Letter #6 has proved to be the richest source yet for discussion in Janeites and Austen-L of veiled allusions to all sorts of matters in her world.
Here is the passage in Letter #6 which provoked an interesting exchange today:
"Edward and Fly went out yesterday very early in a couple of shooting jackets, and came home like a couple of bad shots, for they killed nothing at all. They are out again to-day, and are not yet returned. Delightful sport! They are just come home, Edward with his two brace, Frank with his two and a half. What amiable young men!"
[Diana Birchall] "I'm interested that people seem to see this comment as being sarcastic, against her bird-murdering brothers."
I love the sound of that incongruous rhyme of "bird-murdering", nicely done, Diana!
[Diana] "But I read it differently. I don't think it ever entered into Jane Austen's head to be against bird killing; it was too much a part of country life, and she ate those birds and knew where they came from. Nobody thought shooting birds was a bad thing then - that's a much later invention."
I agree with Ellen [Moody] on this one, with a caveat. Yes, of course Diana is correct that hunting for food was a normal part of rural life back then, and it would have been hypocrisy for anyone other than a vegetarian (which JA was not) to suggest that killing the birds to provide the meat was per se immoral or even worthy of ridicule.
However....I do believe that JA also was inclined to mock men who got their macho kicks shooting birds, and then boasting about how many, etc., especially if the men who sought vainglory in this way otherwise had no useful career and spent a good deal of their time doing not very much of use to society--besides shooting birds, they went to balls, played cards or gambled, and went on outings of pleasure. Someone like Frank Churchill or Willoughby, e.g.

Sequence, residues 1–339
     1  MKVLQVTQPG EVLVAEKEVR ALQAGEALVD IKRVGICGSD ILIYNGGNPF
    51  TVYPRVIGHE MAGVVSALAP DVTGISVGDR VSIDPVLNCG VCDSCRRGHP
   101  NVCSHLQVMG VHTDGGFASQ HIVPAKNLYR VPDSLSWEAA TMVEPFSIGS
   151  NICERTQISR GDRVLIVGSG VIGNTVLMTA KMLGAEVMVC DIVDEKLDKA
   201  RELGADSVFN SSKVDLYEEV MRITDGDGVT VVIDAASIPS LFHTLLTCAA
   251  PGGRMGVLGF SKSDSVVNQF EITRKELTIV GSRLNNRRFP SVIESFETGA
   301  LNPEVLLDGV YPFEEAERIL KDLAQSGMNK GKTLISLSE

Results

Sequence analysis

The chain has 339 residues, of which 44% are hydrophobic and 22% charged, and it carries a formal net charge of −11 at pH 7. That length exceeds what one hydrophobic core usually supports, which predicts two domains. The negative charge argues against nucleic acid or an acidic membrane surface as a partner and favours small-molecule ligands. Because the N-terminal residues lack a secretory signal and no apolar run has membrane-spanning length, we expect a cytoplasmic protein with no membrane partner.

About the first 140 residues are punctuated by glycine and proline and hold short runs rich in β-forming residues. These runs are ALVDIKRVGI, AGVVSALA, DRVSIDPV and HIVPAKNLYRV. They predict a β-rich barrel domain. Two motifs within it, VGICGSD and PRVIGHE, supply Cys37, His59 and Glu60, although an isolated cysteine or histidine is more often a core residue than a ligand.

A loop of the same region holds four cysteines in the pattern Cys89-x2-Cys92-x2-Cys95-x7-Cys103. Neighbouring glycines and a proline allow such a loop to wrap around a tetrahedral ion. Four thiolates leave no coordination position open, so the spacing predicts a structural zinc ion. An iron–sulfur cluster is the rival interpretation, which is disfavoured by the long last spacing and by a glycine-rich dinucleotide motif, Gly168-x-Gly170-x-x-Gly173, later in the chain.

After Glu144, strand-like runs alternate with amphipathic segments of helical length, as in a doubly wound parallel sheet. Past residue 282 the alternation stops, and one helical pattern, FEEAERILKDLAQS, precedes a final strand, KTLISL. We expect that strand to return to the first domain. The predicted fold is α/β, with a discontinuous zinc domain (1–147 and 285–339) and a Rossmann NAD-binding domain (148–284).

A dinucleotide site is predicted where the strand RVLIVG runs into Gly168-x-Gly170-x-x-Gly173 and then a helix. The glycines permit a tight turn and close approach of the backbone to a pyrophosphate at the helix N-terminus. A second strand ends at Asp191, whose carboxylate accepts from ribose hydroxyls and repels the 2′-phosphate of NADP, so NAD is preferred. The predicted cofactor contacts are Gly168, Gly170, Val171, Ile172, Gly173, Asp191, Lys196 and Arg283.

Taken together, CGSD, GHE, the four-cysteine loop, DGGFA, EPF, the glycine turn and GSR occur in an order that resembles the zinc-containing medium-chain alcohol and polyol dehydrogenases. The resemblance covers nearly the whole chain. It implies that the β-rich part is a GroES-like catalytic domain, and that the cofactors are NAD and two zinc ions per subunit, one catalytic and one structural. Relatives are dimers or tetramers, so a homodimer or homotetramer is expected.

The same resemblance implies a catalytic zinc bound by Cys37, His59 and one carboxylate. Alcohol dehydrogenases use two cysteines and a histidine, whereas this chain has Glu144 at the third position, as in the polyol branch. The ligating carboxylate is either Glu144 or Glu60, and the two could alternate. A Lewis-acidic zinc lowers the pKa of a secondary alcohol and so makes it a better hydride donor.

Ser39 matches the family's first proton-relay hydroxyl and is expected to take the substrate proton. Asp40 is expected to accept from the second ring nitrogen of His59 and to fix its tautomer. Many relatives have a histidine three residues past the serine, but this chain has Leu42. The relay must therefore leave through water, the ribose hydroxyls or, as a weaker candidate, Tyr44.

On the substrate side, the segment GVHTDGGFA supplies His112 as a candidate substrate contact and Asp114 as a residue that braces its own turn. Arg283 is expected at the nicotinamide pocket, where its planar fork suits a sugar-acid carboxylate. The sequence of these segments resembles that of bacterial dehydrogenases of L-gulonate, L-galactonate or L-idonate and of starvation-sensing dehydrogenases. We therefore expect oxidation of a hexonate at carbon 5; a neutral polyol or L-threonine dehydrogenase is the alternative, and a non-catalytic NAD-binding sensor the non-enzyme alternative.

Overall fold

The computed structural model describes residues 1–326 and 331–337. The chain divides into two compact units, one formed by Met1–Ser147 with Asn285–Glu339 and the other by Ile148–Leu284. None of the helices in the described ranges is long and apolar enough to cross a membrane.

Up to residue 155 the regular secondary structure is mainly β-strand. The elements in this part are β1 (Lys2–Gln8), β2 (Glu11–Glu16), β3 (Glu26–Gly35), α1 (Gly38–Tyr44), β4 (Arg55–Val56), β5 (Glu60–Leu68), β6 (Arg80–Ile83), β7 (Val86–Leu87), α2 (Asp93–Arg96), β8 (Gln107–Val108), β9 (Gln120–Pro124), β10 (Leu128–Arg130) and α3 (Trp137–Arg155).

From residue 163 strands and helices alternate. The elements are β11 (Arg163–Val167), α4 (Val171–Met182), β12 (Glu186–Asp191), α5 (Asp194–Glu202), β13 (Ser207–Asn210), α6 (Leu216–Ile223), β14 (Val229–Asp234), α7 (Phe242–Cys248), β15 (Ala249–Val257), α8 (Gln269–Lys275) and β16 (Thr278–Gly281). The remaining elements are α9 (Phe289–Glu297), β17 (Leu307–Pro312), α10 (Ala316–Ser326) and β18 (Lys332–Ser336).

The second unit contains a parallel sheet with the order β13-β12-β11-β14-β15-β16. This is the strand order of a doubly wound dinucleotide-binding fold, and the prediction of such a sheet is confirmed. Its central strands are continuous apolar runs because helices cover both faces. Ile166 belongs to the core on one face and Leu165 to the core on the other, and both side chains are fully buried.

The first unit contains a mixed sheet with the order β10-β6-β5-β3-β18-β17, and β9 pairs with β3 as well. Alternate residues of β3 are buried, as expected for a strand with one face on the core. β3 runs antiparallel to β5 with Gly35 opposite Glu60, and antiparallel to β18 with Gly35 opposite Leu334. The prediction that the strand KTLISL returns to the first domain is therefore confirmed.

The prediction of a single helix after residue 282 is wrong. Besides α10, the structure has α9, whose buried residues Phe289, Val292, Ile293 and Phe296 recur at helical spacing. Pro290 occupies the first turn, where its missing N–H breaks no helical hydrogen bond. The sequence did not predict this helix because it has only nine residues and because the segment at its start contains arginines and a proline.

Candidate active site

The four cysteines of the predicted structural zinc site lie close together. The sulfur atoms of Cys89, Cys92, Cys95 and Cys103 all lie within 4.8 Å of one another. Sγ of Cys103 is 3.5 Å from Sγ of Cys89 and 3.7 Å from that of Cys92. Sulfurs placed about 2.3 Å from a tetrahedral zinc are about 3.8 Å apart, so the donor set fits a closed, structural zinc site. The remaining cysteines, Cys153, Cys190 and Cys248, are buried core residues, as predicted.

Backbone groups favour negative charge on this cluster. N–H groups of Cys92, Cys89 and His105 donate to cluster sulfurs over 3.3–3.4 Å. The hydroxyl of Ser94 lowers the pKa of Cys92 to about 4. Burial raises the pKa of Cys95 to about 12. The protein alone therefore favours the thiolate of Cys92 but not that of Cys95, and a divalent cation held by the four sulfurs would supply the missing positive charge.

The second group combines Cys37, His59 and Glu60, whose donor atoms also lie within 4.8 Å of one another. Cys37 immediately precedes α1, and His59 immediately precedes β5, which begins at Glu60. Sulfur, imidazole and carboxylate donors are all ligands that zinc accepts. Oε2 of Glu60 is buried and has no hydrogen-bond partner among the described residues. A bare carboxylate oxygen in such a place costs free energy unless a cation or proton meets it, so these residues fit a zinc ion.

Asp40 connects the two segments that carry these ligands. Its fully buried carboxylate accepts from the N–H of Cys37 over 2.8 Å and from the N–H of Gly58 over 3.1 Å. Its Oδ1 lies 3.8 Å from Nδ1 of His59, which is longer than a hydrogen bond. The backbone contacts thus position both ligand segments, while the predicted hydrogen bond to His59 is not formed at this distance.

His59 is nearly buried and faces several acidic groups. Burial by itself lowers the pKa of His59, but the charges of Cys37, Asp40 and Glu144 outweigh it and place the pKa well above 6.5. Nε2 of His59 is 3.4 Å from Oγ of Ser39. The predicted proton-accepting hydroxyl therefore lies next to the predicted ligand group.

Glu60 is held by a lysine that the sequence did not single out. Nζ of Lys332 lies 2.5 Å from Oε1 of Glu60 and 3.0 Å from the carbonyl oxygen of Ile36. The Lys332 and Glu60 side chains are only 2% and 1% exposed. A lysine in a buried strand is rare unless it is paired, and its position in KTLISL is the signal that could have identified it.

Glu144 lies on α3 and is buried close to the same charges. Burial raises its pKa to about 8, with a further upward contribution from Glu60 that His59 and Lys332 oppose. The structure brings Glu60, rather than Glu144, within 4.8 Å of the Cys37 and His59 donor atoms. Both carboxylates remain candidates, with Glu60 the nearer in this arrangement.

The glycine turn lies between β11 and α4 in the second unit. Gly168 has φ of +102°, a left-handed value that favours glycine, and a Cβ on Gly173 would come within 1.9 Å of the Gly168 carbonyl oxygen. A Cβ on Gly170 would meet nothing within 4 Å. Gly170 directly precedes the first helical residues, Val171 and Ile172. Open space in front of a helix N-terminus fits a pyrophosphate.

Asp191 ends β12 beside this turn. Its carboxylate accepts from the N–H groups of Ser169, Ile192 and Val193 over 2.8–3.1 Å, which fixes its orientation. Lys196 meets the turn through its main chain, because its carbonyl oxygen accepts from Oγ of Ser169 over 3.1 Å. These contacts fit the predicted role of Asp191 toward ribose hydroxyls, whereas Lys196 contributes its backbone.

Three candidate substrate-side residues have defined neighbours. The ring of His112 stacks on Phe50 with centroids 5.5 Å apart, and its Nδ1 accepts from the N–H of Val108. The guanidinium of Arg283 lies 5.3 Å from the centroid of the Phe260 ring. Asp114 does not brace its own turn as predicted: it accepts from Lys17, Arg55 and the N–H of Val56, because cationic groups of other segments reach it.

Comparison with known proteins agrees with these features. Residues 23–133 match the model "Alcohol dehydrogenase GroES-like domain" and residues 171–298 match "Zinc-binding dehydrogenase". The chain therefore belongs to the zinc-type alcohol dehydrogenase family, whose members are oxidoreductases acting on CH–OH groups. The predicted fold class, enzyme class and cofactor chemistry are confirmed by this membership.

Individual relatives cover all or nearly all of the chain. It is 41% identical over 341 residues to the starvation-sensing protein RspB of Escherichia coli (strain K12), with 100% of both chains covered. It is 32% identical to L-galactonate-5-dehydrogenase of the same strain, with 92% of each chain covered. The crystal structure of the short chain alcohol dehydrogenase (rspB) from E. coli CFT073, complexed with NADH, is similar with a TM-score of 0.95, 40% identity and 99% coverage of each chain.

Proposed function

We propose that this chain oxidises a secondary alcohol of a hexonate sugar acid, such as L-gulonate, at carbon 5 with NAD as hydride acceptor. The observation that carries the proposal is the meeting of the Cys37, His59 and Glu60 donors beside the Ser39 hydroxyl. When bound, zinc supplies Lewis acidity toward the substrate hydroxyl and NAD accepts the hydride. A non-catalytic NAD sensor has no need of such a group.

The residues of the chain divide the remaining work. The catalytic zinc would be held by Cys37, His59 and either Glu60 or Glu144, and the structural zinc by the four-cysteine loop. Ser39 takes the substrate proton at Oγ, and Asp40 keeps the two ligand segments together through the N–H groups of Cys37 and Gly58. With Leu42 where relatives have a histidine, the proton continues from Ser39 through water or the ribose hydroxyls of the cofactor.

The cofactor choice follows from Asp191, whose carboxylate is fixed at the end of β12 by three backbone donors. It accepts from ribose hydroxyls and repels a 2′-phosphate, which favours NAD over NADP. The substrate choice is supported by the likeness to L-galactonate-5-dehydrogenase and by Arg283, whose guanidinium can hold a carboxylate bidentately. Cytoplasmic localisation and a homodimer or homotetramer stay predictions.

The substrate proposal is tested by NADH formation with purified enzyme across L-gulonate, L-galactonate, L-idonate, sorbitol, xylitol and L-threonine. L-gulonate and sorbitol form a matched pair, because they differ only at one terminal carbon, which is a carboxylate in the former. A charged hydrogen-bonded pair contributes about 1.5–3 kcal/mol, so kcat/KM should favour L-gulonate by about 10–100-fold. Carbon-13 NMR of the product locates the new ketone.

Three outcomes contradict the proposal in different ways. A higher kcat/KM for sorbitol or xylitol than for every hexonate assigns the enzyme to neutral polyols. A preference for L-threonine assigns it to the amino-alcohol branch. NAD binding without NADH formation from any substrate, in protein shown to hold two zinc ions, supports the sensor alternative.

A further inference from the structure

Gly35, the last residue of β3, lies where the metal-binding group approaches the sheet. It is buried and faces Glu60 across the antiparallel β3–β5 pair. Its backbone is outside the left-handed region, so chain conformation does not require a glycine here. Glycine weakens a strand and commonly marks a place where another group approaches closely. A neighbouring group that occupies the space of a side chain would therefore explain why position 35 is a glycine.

In short, I think JA saw the killing of birds as a necessary evil, one that it was unsavory and immoral to enjoy too much.
[Diana] "In her books she paints most attractive and natural pictures of hunting (Charles Musgrove is certainly an amiable young man)"
Well, there I strongly disagree. While Charles Musgrove is not a villain, he's no hero either, not by a long shot. I think JA saw Charles Musgrove as a self-absorbed idler, who, whether or not he had native intelligence, had never developed much of it by reading or other study, and therefore had not much going on between his ears---he was a time-waster, and a guy Anne Elliot never gave a serious thought to as a potential husband. He thinks Mary is a pain in the butt, but he's no prize as a husband either--they deserve each other!
And as for the ironic use of the word "amiable" by JA, remember what Mr. Knightley says: "No, Emma, your amiable young man can be amiable only in French, not in English."
[Diana] "and I think she literally did think Edward and Frank were out having a good time and*were* "amiable young men.""